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Serving: IN
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PROPER RECORDS: If you intend to use dicamba herbicides for Xtend soybeans in 2019, make sure you keep and can produce application and training records.

New dicamba record-keeping rules apply in 2019

Make sure you understand the rules regarding record keeping if you train for and apply dicamba on dicamba-tolerant soybeans.

The record-keeping rules for dicamba herbicides sprayed on Xtend soybeans changed last year when U.S. EPA extended registration of those products through 2020. The products include XtendiMax, Engenia and FeXapan.

Dave Scott, pesticide administrator with the Office of Indiana State Chemist, notes that in 2019, the applicator must create the required records within 72 hours or three days of the application. Under 2018 labels, the applicator had at least 14 days to create application records.

That’s not the only change. 2019 records must also include the target crop planting date and the buffer distance calculation. If you use the record-keeping form developed by Purdue Pesticide Programs in publication PPP-119, you will satisfy the 2019 dicamba record-keeping requirements for Indiana.

Whether records have changed is one of the most frequently asked questions about dicamba for Xtend soybeans. Find answers to nearly three dozen frequently asked questions at oisc.purdue.edu.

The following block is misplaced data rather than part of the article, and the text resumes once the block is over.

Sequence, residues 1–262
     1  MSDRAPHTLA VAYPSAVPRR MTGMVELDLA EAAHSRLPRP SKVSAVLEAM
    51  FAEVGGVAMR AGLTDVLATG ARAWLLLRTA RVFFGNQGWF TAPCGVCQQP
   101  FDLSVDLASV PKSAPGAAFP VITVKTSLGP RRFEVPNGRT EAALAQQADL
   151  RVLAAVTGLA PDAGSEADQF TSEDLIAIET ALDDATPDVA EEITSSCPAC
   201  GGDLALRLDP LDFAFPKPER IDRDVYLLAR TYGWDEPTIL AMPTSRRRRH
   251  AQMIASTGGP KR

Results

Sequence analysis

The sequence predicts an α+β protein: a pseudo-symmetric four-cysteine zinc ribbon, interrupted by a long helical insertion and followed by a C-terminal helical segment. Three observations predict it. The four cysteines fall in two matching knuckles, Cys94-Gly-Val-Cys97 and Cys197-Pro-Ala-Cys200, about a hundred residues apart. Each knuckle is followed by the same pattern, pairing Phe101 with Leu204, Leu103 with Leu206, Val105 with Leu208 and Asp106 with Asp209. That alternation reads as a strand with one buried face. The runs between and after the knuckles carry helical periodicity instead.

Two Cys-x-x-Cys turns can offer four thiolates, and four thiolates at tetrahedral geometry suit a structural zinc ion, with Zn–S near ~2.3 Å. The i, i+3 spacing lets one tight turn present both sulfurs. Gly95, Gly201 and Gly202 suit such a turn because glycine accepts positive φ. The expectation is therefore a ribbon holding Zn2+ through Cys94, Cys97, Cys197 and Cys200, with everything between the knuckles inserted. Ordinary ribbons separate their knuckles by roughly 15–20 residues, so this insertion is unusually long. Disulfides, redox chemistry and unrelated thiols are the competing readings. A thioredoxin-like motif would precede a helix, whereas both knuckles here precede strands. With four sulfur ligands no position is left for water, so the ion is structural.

You’re also required to keep proof of mandatory dicamba training, and you must complete the training each year. Starting in 2019, OISC or Purdue University Extension no longer offers the training or keeps proof of training.

However, you must produce proof of training and application records if asked by an OISC inspector, Scott says. Checking records normally happens if there’s an investigation relating to misuse of the product, but OISC has the authority to ask for application records and proof of dicamba training any time, Scott explains. Expect OISC to do routine checking of records in the future.

If you can’t produce proof of training or refuse to do so and you apply dicamba products, you may be subject to a yearlong suspension or even revocation of your Indiana pesticide applicator license, Scott emphasizes.

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